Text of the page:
Day: 25 November 2004
UK business briefs: Recycling support, Carton recycling up, Biofuel potential for farmers, hazardous waste guide, Soundscape website, ADAS appointment, Water contract
London Remade and London CRN have joined forces to deliver a £1.8 million business support programme called "enhance", for enterprises working in or aspiring to join London's recycling sector. The new service, funded by the London Development Agency, aims to provide a complimentary one-stop resource for information and advice around developing and growing organisations. Businesses and social enterprises working in design, manufacture, re-use, reprocessing and refurbishment are being encouraged to make the most of the services on offer.
International business briefs: IUCN sets agenda, National Park funds, Spotless Brisbane, Bhopal anniversary, EPA water guidelines, Eco-friendly Christmas shopping
The newly elected president of the World Conservation Union (IUCN), Valli Moosa, announced this week that global warming, along with the lack of protected marine zones, were key environmental issues that needed a place of priority on the world's green agenda. Mr Moosa, a former South African environment minister and anti-apartheid activist was picked as president for a four-year term at the IUCN's third World Conservation Congress in Bangkok. He also stated that there was an urgent need to protected certain areas in the oceans and high seas, pointing out that 12% of the land's total surface was under conservation, as opposed to just 1% of the ocean.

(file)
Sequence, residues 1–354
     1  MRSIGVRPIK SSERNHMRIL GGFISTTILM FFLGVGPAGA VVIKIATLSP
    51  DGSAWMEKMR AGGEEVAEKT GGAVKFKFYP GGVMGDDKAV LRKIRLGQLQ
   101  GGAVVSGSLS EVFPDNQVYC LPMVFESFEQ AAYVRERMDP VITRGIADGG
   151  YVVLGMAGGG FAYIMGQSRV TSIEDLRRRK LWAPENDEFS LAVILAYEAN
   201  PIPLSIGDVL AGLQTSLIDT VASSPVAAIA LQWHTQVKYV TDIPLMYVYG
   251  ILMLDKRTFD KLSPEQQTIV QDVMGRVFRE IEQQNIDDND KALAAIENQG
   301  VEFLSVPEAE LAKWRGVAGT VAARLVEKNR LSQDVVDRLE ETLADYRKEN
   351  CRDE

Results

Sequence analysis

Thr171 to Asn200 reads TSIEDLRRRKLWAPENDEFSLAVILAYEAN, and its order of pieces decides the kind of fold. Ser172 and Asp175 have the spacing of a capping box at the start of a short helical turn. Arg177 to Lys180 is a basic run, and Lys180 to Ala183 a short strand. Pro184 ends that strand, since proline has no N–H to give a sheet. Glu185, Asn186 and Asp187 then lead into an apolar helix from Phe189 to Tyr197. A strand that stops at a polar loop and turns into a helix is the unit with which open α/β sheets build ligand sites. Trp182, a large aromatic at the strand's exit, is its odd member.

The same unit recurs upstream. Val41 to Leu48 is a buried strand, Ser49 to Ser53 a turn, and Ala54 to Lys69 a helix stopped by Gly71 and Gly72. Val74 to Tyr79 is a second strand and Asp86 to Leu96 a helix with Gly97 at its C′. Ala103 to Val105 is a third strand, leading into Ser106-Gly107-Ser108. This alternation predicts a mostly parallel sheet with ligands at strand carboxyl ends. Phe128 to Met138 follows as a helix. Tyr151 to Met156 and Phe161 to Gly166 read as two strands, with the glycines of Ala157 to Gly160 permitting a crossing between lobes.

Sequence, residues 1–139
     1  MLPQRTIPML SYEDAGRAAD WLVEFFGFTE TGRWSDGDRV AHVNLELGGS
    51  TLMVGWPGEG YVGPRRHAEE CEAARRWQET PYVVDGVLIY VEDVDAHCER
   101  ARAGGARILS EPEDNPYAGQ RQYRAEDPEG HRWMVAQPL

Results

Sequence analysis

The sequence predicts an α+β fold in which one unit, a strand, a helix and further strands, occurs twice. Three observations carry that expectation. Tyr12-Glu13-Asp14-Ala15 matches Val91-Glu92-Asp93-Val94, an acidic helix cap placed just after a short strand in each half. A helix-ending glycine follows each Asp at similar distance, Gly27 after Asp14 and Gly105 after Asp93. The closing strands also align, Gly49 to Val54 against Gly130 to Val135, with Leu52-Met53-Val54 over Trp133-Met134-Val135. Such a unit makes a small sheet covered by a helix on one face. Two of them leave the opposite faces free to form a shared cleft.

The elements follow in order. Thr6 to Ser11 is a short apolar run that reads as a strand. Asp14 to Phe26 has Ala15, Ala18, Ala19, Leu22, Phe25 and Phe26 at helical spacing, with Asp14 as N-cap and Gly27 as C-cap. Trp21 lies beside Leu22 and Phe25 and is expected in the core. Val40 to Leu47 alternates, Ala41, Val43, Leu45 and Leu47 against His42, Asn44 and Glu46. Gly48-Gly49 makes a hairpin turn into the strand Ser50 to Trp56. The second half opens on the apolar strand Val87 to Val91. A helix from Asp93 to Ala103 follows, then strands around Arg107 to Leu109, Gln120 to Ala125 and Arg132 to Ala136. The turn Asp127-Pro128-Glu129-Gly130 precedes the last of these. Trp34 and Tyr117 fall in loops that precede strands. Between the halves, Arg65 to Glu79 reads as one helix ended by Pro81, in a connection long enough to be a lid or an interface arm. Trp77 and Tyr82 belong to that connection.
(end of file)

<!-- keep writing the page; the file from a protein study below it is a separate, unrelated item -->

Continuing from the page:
European business briefs: GM threat from US, France gets thermonuclear reactor, EEB’s cadium warning, Spanish offshore wind farm, WEEE changes waste, Candle health scare
Europe's attempts to stay GM-free could be thwarted by plans to allow the contamination of human food crops with biotech or GM experimental crops, which were published this week by the US Food and Drug Administration (FDA). The proposal could be accepted in a couple of months, reducing the legal liability on biotech companies and acting as a major disincentive for them to control GM field tests. Contamination is therefore likely to increase. It is impossible to test for the presence of experimental GM food crops in foods imported from or processed in the US, because over two-thirds of US experimental GM crops contain genes classified as confidential which therefore can't be detected. Adrian Bebb of Friends of the Earth Europe stated: "Because of the secrecy behind experiments in the United States, no one - not food companies, not even governments - will be able to test food products or food imports for contamination because they won't know what to test for. This will leave consumers worldwide exposed to new risks from genetically modified foods."
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